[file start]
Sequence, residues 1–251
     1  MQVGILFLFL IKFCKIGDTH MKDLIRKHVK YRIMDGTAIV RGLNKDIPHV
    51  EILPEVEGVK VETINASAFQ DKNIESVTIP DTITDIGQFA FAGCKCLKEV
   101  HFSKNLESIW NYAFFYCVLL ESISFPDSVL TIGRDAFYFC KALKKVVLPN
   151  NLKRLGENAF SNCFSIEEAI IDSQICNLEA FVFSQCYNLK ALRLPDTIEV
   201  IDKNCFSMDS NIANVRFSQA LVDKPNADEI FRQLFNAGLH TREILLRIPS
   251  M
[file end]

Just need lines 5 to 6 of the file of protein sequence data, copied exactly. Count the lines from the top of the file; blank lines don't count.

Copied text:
   151  NLKRLGENAF SNCFSIEEAI IDSQICNLEA FVFSQCYNLK ALRLPDTIEV
   201  IDKNCFSMDS NIANVRFSQA LVDKPNADEI FRQLFNAGLH TREILLRIPS